“Prabhupada says that if we go one step forward towards Krsna, He comes a hundred steps forward to meet us.

“We shouldn’t doubt that He hears our prayers, and we should hear His response, in the sastras, from His own Self, as caitya-guru in our hearts, and from the words of the bona fide gurus and sadhus.

From My Dear Lord Krsna: A Book of Prayers


“I am writing to You to thank You for all that You have done for me. You have given me the human form of life and put me in contact with Srila Prabhupada, a pure devotee spiritual master. By Your grace, he accepted me as a disciple and initiated me into the Hare Krsna mantra. He gave me second initiation into the gayatri mantras, and he awarded me sannyasa, the renounced order of life. He has given me much service unto You in the Krsna consciousness movement. He has planted the bhakti-lata-bija—the seed of devotional service to You—in my heart.

“You have let me live considerably long so far, with many opportunities to serve You. You have given me life and tolerable health. You have always given me a place to live and food to eat. I’ve had to endure some oppression in serving in ISKCON, but You have always given me the resources to tolerate it and the attitude to see the bright side and remain loyal to ISKCON. I have had to deal with some difficult persons, but You have enabled me to survive my relationships with them without intolerable stress. You have given me strength in difficult times.

“You have forgiven me my trespasses, as I have forgiven those who trespassed against me.

“You have given me a growing taste for chanting the Hare Krsna mantra. You have enabled me to write many books in Your service, and You have given me appreciative readers.

“You have allowed me to travel to Mayapur and Vrndavana and live there, although I have encountered difficulties, and You will give me more chances to visit the holy dhamas.

“You have given me knowledge of You, appreciation of Bhagavad-gita, Srimad-Bhagavatam and Caitanya-caritamrta, and the ability to grasp the knowledge in these books. And You have given me faith in You and Your pure devotees. I am especially grateful for the faith I have in You as the Supreme Personality of Godhead. I love to hear accounts of Your lilas and descriptions of knowledge about You—scientific knowledge of the Vedic literature.”

From Meditations and Poems


“Time you can be with us that’s
the thing to be aware of.
They can’t be with us
I am a melancholy baby. Be with us
please don’t be blue I will cheer you
up. I’ll be on your side I’ll bring you
what you like and need.
In a quarrel, I’ll take your side
dry your eyes
oh, I’d like that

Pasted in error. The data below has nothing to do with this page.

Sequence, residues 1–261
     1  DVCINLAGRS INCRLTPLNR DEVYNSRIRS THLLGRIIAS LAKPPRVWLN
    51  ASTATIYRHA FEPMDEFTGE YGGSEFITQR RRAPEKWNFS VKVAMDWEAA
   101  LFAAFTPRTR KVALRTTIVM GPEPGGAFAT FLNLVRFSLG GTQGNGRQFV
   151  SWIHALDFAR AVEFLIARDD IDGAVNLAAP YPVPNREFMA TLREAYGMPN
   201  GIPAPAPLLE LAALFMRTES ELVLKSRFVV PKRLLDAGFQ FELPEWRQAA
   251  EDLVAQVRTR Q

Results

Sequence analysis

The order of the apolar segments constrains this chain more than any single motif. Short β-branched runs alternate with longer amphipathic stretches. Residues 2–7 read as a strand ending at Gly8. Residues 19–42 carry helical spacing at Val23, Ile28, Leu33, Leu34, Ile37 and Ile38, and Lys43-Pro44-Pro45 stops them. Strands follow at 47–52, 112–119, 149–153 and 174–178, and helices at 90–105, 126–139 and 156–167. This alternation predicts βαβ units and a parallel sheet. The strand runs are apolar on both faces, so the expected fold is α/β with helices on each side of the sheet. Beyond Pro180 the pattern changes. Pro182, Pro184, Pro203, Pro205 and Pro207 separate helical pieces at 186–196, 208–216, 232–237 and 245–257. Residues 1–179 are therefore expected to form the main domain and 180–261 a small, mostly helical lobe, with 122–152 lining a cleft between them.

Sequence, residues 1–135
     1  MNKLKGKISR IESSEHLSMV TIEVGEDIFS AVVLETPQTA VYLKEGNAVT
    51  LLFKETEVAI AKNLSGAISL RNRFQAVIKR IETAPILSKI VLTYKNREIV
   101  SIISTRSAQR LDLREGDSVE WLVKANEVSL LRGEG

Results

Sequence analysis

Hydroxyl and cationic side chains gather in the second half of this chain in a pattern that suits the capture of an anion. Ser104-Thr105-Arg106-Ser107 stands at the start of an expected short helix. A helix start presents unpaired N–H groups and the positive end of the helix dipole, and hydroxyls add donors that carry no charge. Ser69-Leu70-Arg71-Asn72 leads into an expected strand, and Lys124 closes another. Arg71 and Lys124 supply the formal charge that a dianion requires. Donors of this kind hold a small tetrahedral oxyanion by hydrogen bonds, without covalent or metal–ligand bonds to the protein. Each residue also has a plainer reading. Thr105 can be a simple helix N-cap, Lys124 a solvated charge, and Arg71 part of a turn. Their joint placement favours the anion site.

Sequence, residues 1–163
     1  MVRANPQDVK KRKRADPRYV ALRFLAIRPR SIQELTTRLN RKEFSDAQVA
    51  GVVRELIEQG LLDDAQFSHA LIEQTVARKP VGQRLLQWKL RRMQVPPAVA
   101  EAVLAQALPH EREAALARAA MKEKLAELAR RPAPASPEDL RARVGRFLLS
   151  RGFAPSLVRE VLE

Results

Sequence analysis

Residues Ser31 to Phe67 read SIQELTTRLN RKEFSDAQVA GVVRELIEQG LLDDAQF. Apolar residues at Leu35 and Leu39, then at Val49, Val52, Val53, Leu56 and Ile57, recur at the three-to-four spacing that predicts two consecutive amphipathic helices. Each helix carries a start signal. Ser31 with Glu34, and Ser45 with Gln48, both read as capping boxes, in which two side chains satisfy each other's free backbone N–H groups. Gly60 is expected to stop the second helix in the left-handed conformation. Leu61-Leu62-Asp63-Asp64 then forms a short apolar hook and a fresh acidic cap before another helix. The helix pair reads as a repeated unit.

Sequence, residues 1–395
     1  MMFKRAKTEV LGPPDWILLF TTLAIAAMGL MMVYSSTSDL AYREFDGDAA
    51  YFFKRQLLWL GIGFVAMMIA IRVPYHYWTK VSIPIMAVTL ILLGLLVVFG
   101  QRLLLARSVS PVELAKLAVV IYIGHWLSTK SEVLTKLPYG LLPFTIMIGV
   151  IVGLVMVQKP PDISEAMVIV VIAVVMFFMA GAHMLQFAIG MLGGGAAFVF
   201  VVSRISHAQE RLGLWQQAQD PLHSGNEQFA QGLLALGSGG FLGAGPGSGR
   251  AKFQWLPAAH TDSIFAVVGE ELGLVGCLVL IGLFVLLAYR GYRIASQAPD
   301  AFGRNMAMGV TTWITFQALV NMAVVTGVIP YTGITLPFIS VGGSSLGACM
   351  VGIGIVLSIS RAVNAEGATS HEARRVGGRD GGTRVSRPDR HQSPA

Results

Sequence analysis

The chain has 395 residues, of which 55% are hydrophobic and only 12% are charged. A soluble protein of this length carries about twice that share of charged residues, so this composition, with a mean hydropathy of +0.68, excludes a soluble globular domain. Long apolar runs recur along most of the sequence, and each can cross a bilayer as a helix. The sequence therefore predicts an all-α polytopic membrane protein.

Krsna let me be
Your well-wisher servant,
I can chant
I want to live in this
or else I’ll be melancholy

From ISKCON in the 1970s: Diaries


“January 19, 1979

Washington, D.C.

“I have to be grave and simple. When a frivolous thought or word comes to mind, an entertaining air—put it aside with a second thought, and with a more serious, reserved commitment. In this way, see, hear, speak, act, eat—the second thought: ‘Is this for Krsna?’

“Along with simple desire to repeat his message is endless verbal ability and realization to preach, especially to my disciples. I do not have to perform: simple surrender will bring parampara to my thoughts and speech, since surely I have been trained sufficiently.

“Here a few days, following duties of initiating guru. Typically, however, I am resenting the loss of my time toward writing the biography. It requires more than grabbing an hour here or there. It requires concentration and a regular schedule. All right. If there is time when I cannot work at that, then let me hear Srila Prabhupada’s tapes and read his books for an hour here and there. I am waiting to get back to work, however long it takes.

“Thinking also I have very, very far to go in understanding how I am spiritual master to these souls.

“Placing the garland on Srila Prabhupada’s murti, I suddenly felt my devotion to him. It came as a remembrance that I must execute the glorification of his life in the literary form of his biography. I should especially realize the value of that literary samadhi. A pure devotee has attained the great, rare mystery (rahasyam), love of Godhead, and he can impart it to others. So how am I to do that? Now I think of glorifying Srila Prabhupada as my proof of seeing Krsna and loving Him. I love His servant. I want to carry out His servants’ will, although I am hardly able (nija jati, nija sangi . . .)

Sastra says it’s rare, far rarer than the eightfold perfections. As a touchstone is rare, it is rare to find a pure devotee. I know such a rare mahatma. Serve him, yes—but remember him. Be rapt in that Prabhupada mood and remembrance.”

From Prabhupada Nectar


“PERSONAL GLIMPSES: Prabhupada and His Photo”

“He liked the photo of himself on the back of the first Hare Krsna Happening album. In that photo his hair seems to be standing on end and his visage is grave, penetrating, mystical. He said of that photo, ‘A swami should look philosophical.’

“A disciple named Dinesh told Srila Prabhupada that he wanted a picture of him with his mrdanga for a second record album, Vande ’ham. Prabhupada said, ‘I am not a professional musician that I should pose with a mrdanga.’ He suggested instead more formal pictures, like those of his own Guru Maharaja.